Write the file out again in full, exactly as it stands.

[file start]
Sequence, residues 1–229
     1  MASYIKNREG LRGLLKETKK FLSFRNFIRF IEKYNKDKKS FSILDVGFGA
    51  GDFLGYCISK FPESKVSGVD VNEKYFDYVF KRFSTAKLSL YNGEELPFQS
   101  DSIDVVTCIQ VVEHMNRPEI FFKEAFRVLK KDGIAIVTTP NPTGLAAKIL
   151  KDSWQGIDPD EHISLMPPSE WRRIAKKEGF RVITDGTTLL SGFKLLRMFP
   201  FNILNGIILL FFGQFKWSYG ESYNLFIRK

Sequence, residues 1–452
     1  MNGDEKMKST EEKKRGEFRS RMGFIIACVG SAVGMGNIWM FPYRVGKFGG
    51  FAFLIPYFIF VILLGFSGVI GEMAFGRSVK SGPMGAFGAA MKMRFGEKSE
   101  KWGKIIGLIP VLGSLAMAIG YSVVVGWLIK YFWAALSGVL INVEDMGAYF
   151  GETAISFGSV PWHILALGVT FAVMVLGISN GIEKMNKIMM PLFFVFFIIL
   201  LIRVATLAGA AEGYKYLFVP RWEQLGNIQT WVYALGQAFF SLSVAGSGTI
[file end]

Sequence, residues 1–229
     1  MASYIKNREG LRGLLKETKK FLSFRNFIRF IEKYNKDKKS FSILDVGFGA
    51  GDFLGYCISK FPESKVSGVD VNEKYFDYVF KRFSTAKLSL YNGEELPFQS
   101  DSIDVVTCIQ VVEHMNRPEI FFKEAFRVLK KDGIAIVTTP NPTGLAAKIL
   151  KDSWQGIDPD EHISLMPPSE WRRIAKKEGF RVITDGTTLL SGFKLLRMFP
   201  FNILNGIILL FFGQFKWSYG ESYNLFIRK

Sequence, residues 1–452
     1  MNGDEKMKST EEKKRGEFRS RMGFIIACVG SAVGMGNIWM FPYRVGKFGG
    51  FAFLIPYFIF VILLGFSGVI GEMAFGRSVK SGPMGAFGAA MKMRFGEKSE
   101  KWGKIIGLIP VLGSLAMAIG YSVVVGWLIK YFWAALSGVL INVEDMGAYF
   151  GETAISFGSV PWHILALGVT FAVMVLGISN GIEKMNKIMM PLFFVFFIIL
   201  LIRVATLAGA AEGYKYLFVP RWEQLGNIQT WVYALGQAFF SLSVAGSGTI